*The title of this post was taken from The Raconteurs song of the same name*
I was around 5 or 6 when it happened.
As I’ve gotten older, some memories stay clear while others have faded away.
Unlike others who have been sexually abused, I only had to deal with one incident. Although, it’s hard to look at circumstances like this and consider a silver lining.
It would take until I was around 17 years of age before I could face what happened and start to register how the situation had been affecting me through adolescence.
For me, being punished for doing the right thing at the hands of my abuser would affect the way that I approached nearly every occurrence of “good versus bad” ideas.
I remember my parents telling me things like “Telling the truth will always be better than lying.”
And in my mind the thought was, “Yes, but when I did the right thing with my abuser, I was punished. I don’t want to be punished again. So, maybe I should see what I get away with and hope to avoid being caught and being punished.”
For the record, I almost always got caught.
And I almost always got punished.
Coming to terms with this later in my teenage years didn’t lead to an automatic turn of behaviors.
I even took it upon myself to confront my abuser years after the fact to remind him what he did to me.
In case you’re wondering, he didn’t remember any of it.
It would take years of counseling, bouts of medication, and mountains upon mountains of street drugs to help me look past this situation and learn how to grow past it.
I’ve found through many of my interactions with clients that I don’t stand alone with my story.
While sexual abuse is more common than anyone would care to admit, I know men who have suffered a similar, if not worse, scenario but have been hesitant to share what happened.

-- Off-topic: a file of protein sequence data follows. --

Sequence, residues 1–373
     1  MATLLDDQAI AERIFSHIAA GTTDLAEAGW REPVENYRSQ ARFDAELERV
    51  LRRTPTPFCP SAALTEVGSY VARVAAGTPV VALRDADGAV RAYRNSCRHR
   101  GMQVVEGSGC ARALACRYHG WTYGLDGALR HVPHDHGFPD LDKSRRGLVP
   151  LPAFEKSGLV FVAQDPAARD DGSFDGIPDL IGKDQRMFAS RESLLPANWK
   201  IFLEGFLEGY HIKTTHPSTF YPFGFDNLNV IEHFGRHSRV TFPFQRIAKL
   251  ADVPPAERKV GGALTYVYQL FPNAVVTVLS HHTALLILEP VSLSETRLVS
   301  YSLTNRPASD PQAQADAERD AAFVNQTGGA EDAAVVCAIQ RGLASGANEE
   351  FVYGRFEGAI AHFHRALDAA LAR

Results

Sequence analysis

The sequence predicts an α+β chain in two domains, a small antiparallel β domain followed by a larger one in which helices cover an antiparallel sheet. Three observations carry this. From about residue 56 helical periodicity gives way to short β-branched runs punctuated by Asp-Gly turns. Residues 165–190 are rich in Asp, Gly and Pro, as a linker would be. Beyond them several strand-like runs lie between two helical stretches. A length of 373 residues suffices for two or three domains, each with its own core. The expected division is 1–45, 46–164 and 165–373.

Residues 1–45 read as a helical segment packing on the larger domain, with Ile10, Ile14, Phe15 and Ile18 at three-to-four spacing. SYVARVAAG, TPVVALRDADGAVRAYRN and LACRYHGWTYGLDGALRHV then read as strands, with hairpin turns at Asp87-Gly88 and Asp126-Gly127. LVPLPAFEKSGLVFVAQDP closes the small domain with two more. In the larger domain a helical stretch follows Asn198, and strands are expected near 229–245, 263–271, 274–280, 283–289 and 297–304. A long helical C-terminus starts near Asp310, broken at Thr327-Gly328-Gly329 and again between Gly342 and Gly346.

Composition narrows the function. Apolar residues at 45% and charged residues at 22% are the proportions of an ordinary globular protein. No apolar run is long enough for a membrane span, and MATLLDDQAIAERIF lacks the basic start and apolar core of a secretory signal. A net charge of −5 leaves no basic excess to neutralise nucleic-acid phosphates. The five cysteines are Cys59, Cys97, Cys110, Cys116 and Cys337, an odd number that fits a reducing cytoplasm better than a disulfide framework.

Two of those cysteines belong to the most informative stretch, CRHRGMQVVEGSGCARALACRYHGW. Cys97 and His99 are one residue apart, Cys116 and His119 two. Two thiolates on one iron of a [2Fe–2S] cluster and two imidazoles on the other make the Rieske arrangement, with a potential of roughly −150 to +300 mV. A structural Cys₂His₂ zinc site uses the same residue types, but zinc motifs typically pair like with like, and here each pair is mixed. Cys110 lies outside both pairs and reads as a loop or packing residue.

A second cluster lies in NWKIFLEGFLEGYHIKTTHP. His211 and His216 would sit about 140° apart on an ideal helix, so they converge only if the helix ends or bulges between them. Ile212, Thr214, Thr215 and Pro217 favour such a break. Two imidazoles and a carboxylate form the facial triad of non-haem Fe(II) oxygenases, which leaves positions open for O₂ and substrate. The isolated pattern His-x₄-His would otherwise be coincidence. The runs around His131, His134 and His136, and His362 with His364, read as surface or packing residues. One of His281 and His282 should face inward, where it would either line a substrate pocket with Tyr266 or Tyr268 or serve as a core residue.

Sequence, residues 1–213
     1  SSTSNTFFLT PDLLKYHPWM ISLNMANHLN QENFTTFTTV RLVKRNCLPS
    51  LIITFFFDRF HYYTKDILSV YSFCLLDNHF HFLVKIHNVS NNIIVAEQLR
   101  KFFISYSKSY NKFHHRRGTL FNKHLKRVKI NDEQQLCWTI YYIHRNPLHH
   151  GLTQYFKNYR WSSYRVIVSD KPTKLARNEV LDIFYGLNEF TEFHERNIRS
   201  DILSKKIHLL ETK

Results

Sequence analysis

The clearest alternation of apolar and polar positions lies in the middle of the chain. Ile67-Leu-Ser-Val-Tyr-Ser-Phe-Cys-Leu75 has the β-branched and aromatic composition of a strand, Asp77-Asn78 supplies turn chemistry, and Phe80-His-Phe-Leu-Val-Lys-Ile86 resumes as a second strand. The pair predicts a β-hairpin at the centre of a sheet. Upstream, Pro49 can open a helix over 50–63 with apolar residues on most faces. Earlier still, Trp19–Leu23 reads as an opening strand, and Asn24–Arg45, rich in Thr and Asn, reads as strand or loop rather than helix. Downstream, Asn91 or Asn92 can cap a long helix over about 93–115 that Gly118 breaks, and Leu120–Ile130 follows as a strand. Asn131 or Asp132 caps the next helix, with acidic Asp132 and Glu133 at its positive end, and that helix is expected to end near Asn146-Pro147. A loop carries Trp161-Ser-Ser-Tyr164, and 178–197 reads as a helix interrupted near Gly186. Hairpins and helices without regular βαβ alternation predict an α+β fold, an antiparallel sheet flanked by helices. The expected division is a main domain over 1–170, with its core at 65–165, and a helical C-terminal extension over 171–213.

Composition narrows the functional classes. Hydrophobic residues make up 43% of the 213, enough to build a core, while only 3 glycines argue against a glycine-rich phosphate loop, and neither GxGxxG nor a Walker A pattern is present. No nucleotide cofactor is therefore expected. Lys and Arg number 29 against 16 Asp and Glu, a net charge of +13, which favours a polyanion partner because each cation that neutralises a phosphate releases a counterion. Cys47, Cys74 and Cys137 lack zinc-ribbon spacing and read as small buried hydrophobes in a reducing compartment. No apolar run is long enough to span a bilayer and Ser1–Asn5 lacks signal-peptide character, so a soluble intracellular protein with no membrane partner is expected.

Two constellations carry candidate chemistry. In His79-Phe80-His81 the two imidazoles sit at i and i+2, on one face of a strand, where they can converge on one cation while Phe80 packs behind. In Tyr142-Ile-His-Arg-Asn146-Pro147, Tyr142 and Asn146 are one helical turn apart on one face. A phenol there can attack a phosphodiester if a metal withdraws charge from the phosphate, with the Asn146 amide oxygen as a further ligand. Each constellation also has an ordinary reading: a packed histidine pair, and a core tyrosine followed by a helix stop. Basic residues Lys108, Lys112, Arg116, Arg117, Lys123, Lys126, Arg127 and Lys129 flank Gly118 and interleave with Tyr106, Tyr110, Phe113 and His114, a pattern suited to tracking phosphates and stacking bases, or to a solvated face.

I learned years ago, that sharing it not only had the potential to help, it had the potential to heal.
But it would take a long, painful road for me to realize that having this as part of my life did not make me a broken person.
And even though I felt broken, it didn’t give me validity to stay self-destructive.
I’m now over 35 years removed from the incident and if you (male or female) share a similar background, you are not broken either.
Find someone you trust to talk to. It can be a friend, a family member, or a support group.
Find an outlet. The gym has served me better than most anything else once I found a place to channel many of my negative emotions.
Believe in yourself. Every step you have to take forward is a step you have to take on your own but you don’t have to take it alone.
Your progress can inspire others who have temporarily lost hope in themselves. I feel as if every improvement I’ve made moved at a snail’s pace and was rarely, if ever, noticeable in the short term. It has taken years to develop a level of comfort in not only discussing my story but not letting personal tragedies define the person I am.
I am no broken boy soldier. However, my fight never ends.
And neither should yours.